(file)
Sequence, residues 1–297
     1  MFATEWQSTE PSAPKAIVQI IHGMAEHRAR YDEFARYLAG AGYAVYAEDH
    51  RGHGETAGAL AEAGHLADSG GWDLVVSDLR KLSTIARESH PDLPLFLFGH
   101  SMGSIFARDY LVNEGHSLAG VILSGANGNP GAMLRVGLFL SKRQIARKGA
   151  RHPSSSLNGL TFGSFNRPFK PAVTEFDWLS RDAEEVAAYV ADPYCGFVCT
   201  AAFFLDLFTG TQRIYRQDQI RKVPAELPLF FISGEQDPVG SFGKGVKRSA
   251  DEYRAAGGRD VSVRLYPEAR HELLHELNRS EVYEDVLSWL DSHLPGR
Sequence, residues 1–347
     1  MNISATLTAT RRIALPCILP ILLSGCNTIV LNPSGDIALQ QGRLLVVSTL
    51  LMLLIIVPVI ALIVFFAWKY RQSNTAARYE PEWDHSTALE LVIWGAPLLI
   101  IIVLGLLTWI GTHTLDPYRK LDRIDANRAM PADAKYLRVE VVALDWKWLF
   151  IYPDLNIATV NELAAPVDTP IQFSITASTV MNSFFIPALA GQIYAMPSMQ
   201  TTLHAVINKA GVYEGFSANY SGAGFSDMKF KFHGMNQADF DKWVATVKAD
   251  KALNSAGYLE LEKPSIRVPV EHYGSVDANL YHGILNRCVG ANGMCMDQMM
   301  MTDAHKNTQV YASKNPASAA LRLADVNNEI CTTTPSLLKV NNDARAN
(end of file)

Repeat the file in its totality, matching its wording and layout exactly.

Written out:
Sequence, residues 1–297
     1  MFATEWQSTE PSAPKAIVQI IHGMAEHRAR YDEFARYLAG AGYAVYAEDH
    51  RGHGETAGAL AEAGHLADSG GWDLVVSDLR KLSTIARESH PDLPLFLFGH
   101  SMGSIFARDY LVNEGHSLAG VILSGANGNP GAMLRVGLFL SKRQIARKGA
   151  RHPSSSLNGL TFGSFNRPFK PAVTEFDWLS RDAEEVAAYV ADPYCGFVCT
   201  AAFFLDLFTG TQRIYRQDQI RKVPAELPLF FISGEQDPVG SFGKGVKRSA
   251  DEYRAAGGRD VSVRLYPEAR HELLHELNRS EVYEDVLSWL DSHLPGR
Sequence, residues 1–347
     1  MNISATLTAT RRIALPCILP ILLSGCNTIV LNPSGDIALQ QGRLLVVSTL
    51  LMLLIIVPVI ALIVFFAWKY RQSNTAARYE PEWDHSTALE LVIWGAPLLI
   101  IIVLGLLTWI GTHTLDPYRK LDRIDANRAM PADAKYLRVE VVALDWKWLF
   151  IYPDLNIATV NELAAPVDTP IQFSITASTV MNSFFIPALA GQIYAMPSMQ
   201  TTLHAVINKA GVYEGFSANY SGAGFSDMKF KFHGMNQADF DKWVATVKAD
   251  KALNSAGYLE LEKPSIRVPV EHYGSVDANL YHGILNRCVG ANGMCMDQMM
   301  MTDAHKNTQV YASKNPASAA LRLADVNNEI CTTTPSLLKV NNDARAN